Well, up until 1959, Cuba was a fun-time spot for rich Americans (and indeed, rich Cubans); but then Castro came along, booted out the plutocrats, nationalized the industry, and settled back to enjoy 50 years of feudal socialism. Evidently, every revolution needs its story told and retold, and though unheralded in the U.S. (for obvious reasons), this collection of five films by three directors offers a sampling of those stories as they were told on film.
The first two films (chronologically) in this box set are by far the most interesting. Tomás Gutièrrez Alea’s Twelve Chairs (1962) is, putatively, a comedic farce, and while its humor is leaden and dated, it remains fascinating as a glimpse into the very early moments after a revolution, when society is in the midst of figuring out what the hell just happened. Made only three years after the Revolution, perhaps the funniest thing about this “perils of greed” caper film, is the recurrence of Castro-type revolutionaries, each of whom sports a look-alike beard — a sly dig that, even five years later, would no doubt become an impossible risk to take. The second, and best, of the five, is Julio Garcia Espinosa’s The Adventures ofJuan Quin Quin (1967), a perplexing, compelling picaresque à la Manuscript Found at Zaragosa, in which the titular hero gets in all sorts of wacky scrapes, both pre- and mid-Revolution. The final three films, by director Humberto Solas, are realistic romance-dramas set at various historically important moments in Cuban history. Cecilia (1981), Amada (1982), and A Successful Man (1986) are essentially one notch up from the sugarcane-sweet melodrama of your average telenovela.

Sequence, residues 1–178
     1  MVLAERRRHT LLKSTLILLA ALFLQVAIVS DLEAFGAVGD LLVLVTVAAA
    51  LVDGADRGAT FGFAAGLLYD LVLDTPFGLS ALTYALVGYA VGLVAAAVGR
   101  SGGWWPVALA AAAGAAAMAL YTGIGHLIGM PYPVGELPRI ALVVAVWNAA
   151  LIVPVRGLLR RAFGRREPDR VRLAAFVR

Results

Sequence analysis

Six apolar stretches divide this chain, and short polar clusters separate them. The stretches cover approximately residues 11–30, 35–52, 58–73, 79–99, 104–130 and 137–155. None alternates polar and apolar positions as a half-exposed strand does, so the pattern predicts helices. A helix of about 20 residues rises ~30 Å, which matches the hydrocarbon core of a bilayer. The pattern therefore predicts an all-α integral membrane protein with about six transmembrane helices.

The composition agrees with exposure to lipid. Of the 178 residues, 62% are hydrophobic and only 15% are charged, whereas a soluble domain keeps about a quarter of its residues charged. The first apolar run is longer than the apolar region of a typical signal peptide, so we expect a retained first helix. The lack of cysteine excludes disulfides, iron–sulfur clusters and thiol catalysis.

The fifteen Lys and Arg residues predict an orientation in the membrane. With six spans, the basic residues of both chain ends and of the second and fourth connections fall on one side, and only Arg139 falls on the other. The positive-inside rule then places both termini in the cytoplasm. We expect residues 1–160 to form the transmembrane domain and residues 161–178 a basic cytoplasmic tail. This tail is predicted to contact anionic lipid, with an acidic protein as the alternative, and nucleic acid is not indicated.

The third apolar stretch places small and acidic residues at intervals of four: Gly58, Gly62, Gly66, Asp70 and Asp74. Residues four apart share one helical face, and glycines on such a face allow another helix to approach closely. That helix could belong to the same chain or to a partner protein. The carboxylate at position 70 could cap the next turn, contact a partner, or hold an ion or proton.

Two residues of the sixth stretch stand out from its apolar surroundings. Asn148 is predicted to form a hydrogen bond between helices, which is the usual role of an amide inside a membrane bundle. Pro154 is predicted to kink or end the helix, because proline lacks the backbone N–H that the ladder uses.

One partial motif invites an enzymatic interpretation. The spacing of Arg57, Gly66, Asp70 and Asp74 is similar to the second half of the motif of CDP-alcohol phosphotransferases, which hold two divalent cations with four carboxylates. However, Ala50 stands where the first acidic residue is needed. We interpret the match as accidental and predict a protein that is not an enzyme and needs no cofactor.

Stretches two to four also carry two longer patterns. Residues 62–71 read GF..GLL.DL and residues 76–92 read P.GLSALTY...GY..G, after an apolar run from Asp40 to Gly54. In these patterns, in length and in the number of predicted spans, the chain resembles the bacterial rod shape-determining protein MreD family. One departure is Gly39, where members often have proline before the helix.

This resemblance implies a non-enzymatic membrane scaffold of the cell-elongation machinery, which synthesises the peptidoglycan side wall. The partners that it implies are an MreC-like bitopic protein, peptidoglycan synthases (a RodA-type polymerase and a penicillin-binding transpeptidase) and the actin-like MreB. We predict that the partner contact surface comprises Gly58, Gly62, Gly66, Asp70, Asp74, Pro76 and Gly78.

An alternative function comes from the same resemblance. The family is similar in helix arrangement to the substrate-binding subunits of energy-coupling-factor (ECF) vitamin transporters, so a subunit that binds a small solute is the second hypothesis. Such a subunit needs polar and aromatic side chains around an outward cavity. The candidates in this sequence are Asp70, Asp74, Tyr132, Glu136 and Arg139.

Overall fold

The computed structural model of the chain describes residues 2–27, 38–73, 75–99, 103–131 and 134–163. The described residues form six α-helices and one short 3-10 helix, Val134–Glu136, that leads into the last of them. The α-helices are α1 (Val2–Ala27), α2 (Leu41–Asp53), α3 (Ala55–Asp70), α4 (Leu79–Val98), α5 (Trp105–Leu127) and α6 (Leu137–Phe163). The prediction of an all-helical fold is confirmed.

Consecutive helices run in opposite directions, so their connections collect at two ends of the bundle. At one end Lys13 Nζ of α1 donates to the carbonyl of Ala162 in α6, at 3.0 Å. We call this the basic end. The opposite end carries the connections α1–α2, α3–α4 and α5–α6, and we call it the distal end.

A few short films and making-of docs; half of which are worth checking out.
The only film worth trying to find on its own would be The Adventures of Juan Quin Quin… Good luck.